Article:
Reclaiming Your Inner Witch

10.31.2019 - By Heroine: Women’s Creative Leadership, Confidence, Wisdom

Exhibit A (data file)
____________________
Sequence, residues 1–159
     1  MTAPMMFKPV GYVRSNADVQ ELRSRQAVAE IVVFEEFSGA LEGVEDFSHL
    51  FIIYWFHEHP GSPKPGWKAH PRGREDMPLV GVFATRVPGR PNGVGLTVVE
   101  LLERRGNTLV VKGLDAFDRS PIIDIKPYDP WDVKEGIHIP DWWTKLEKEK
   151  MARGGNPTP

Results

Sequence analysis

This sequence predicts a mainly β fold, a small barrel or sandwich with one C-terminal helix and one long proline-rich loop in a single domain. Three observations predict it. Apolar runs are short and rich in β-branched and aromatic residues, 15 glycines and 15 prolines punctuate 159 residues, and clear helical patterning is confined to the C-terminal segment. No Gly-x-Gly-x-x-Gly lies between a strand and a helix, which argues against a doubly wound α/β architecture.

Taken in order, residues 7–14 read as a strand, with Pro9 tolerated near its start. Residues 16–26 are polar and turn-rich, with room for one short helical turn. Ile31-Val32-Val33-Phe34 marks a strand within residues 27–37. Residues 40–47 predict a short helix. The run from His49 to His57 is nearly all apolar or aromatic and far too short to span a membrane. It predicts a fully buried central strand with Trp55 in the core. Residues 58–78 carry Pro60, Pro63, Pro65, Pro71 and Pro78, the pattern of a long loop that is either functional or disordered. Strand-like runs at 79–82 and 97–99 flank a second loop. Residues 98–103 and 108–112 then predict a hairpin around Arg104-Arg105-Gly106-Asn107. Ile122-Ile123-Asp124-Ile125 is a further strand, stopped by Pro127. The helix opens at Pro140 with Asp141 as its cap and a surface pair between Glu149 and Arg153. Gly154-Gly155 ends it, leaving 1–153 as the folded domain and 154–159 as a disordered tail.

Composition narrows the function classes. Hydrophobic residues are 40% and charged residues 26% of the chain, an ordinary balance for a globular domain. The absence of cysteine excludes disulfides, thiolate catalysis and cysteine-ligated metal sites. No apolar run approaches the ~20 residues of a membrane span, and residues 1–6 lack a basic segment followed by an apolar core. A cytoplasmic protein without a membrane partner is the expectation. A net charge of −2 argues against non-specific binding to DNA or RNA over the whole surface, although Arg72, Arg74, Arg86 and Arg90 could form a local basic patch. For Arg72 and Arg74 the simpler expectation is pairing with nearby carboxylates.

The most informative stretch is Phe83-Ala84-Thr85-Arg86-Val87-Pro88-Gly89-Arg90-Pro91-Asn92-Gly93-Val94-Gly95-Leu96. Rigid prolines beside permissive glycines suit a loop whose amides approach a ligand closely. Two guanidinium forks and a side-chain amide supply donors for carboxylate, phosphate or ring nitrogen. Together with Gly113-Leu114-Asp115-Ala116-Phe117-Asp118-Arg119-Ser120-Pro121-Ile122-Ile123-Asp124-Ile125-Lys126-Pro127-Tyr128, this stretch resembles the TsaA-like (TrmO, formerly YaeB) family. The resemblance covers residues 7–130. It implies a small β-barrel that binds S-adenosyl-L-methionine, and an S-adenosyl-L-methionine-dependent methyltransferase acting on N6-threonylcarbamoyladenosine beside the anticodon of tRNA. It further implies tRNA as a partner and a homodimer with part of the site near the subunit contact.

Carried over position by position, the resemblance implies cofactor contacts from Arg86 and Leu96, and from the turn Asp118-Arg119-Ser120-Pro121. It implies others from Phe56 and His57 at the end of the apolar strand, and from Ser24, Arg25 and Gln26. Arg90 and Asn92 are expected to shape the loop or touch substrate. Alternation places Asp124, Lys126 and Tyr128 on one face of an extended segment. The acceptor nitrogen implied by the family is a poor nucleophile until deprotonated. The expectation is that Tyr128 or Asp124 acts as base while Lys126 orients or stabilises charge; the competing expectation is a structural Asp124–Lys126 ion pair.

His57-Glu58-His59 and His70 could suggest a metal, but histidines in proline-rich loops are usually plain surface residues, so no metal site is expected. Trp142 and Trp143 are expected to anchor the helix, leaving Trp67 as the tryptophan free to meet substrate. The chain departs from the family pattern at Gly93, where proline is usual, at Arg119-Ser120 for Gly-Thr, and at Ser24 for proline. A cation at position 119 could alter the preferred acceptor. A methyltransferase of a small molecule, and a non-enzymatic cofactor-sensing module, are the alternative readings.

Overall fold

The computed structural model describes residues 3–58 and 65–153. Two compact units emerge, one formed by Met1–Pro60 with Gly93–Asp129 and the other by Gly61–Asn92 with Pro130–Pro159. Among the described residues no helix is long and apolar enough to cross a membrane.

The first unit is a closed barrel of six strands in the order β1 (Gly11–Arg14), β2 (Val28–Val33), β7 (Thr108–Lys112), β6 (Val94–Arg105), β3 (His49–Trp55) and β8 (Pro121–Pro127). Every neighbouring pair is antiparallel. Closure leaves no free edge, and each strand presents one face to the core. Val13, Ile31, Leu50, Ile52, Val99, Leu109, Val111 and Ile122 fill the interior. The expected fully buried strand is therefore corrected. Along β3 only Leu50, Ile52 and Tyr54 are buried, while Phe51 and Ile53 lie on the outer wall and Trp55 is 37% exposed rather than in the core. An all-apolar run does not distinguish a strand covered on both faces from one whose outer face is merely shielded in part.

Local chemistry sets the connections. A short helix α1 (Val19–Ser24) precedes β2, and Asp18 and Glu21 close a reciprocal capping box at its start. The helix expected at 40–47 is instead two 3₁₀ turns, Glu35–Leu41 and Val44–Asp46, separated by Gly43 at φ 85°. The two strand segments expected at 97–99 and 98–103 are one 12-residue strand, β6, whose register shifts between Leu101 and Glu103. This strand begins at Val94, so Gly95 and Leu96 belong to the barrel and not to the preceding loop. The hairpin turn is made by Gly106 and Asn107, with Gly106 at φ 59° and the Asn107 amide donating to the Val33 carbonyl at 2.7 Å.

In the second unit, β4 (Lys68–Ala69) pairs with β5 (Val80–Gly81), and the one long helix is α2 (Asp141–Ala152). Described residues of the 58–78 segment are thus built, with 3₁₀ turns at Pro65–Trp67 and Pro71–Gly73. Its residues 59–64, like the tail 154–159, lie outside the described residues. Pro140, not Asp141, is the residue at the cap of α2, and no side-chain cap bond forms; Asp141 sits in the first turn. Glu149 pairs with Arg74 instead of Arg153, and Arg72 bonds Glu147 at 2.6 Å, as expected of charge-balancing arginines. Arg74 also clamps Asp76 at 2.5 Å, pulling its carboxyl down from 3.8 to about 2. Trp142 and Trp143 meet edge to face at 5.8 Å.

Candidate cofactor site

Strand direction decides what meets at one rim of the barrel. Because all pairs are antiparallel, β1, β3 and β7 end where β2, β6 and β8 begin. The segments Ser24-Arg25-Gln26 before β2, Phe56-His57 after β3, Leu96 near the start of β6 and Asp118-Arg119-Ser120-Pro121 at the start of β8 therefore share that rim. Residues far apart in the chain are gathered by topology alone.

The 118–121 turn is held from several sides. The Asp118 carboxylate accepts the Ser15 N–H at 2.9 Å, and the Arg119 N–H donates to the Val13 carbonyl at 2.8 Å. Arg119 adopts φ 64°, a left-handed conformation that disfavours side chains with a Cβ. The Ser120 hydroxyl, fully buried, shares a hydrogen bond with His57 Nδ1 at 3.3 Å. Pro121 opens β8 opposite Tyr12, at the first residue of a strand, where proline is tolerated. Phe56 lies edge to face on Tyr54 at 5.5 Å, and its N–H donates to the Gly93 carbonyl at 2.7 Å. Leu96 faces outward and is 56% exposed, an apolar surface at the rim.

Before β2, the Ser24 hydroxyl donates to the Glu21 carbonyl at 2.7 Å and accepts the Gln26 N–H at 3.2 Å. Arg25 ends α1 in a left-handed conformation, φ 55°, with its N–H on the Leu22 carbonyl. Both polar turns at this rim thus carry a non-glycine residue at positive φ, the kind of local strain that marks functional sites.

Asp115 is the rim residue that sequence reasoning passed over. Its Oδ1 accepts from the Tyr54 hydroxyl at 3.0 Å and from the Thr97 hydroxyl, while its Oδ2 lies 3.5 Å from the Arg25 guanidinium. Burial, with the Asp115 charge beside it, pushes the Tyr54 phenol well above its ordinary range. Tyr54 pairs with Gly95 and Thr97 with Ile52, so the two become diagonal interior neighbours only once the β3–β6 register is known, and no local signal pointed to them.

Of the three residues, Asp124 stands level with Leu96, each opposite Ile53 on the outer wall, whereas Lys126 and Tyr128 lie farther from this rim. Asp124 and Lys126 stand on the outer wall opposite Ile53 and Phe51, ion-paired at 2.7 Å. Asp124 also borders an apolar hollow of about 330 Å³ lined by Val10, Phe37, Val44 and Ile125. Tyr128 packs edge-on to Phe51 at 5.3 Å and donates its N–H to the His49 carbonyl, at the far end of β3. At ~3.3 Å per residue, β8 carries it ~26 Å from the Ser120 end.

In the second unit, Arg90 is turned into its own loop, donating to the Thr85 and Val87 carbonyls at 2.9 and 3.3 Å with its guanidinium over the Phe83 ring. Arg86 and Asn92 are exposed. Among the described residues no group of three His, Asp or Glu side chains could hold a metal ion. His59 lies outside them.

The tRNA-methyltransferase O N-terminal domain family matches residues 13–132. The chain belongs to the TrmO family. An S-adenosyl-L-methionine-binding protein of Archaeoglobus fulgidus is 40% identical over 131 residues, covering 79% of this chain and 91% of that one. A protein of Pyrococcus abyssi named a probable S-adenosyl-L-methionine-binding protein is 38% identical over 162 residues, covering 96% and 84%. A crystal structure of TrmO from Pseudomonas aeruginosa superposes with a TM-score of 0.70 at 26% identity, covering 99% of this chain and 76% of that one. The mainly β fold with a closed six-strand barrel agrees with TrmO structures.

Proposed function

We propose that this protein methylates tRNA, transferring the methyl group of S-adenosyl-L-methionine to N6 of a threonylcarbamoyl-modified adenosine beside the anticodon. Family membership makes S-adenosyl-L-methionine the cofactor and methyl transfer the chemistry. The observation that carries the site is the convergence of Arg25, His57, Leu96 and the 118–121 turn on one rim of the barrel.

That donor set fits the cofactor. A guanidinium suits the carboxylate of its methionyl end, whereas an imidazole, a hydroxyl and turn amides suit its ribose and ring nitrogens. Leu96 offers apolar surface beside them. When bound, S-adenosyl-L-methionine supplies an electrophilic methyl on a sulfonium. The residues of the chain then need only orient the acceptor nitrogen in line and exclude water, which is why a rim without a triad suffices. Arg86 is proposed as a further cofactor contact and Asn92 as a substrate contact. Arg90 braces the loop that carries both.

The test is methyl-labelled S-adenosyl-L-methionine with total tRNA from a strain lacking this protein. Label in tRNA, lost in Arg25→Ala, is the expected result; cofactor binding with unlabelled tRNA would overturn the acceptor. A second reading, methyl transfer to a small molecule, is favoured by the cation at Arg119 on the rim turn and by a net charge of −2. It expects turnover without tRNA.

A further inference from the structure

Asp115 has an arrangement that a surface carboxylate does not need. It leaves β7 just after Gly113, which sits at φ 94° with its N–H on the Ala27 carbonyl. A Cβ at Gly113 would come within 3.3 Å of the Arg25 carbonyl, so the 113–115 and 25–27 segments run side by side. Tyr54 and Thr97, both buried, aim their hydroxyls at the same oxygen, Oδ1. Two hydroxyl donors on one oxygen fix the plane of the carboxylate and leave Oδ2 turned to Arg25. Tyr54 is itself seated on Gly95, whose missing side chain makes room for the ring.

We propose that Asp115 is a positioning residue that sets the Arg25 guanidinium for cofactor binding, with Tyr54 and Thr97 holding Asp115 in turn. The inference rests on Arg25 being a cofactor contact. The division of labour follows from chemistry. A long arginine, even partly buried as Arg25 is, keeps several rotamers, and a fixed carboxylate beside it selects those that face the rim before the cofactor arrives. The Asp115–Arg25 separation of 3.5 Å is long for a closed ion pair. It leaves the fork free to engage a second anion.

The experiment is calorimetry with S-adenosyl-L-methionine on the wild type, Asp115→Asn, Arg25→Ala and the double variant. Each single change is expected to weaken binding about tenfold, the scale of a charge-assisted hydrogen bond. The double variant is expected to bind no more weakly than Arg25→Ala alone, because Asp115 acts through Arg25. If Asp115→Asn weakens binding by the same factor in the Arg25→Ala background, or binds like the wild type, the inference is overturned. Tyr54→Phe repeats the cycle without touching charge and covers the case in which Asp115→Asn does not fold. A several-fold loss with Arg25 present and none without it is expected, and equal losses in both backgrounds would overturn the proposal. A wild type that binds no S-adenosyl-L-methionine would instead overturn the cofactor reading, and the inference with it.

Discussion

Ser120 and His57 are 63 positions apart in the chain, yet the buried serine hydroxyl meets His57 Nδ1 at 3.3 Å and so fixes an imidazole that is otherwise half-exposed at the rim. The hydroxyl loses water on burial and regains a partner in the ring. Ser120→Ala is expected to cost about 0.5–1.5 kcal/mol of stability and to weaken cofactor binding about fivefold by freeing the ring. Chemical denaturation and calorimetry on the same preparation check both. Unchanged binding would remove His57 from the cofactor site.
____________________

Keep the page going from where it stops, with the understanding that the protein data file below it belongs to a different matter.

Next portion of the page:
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Happy Halloween witches! We’re continuing with female archetypes (and stereotypes!) in old fairy and folk tales. We started with this series last season with the Queen and Princess Archetypes (make sure to check them out if you haven't already for context) and this is the last part of that series. Today, on the witch’s new year – Samhain, we are going to look at the witch and the hermit archetypes. They’re more connected than you might think.The witch needs very little introduction. She is in practically every fairy tale by the Grimm Brothers. She’s cruel, conniving, solitary and sometimes, connected to the evilest forces in the world. And in 1692, life imitated art in a big way. An entire community of settlers in Salem, Massachusetts decided that witches were real, and needed to be killed. But where did this idea come from? I caught up with my friend Becca Piastrelli to learn a bit more about how witches got the reputation they have today. Becca is the host of the Belonging Podcast and she and I have been circling on the new moon for years now."It’s a campaign that’s happened for centuries, many generations from basically the rise of Christianity and capitalism in Europe that specifically targeted women who were healers, and midwives and really powerful beings in the community. Ones that people respected and looked up to, maybe they even owned land. And it wasn’t just women, sometimes it was queer men or two-spirit or genderfluid folk. Anyone who didn’t fit the patriarchal paradigm. There was a very calculated campaign to turn the people against them in their earth ways. This is known as the burning time which in many ways is still happening today. Where you hear the term witch hunt in media or popular culture or even see how it’s displayed in media. It’s really something that has been embedded in our ancestral memory for many many generations. "As Christianity grew across Europe, the Church demonized these women and connected them to dangerous, evil forces. It was classic scapegoating. Talking to Becca got me thinking about scapegoating, and I realized, there’s a good reason for men to fear us. Women are connected to the Goddess...and to childbirth...and men are not.So how must it have felt - to be a respected, practicing healer and midwife one day - and called an evil witch - the next? That is why I believe when we meet witches in fairy tales, they are often alone. They live in solitude, in the forest - remember, that’s where the medicines were - scheming, angry and isolated. Basically, the happy midwife becomes a resentful hermit. Have you ever felt like a hermit, Heroine, all alone? The Hermit isn’t all bad - not at all. The bright side of the hermit is that she’s also a mystic. She goes into the forest for some much needed alone time - to reconnect with her spiritual side. She goes there to tend to the parts of herself that are precious, and need protection.But the dark side of the Hermit is avoidance and fear. Keeping people out because they might hurt you. It starts as a punishment for those who have wronged you, but ends up mostly, hurting you. I believe this split - between connected, centered, community-surrounded healer, and betrayed, mystical, and isolated witch - must be healed in each of us. Just think - have you ever been passive-aggressive? Have you said something underhanded, but in a nice way, and not understood why you did it? That has to do with the complicated origins of the witch. She wants to fully express herself - thorns and all - but she knows that patriarchy will cast her out and make her quiet if she does. Well, I want to reclaim the witch archetype within each of us, as so many others have been doing and continue to do today. A witch is creative, she’s complicated, and she’s been to the depths. So whether you’re cooking a large meal...

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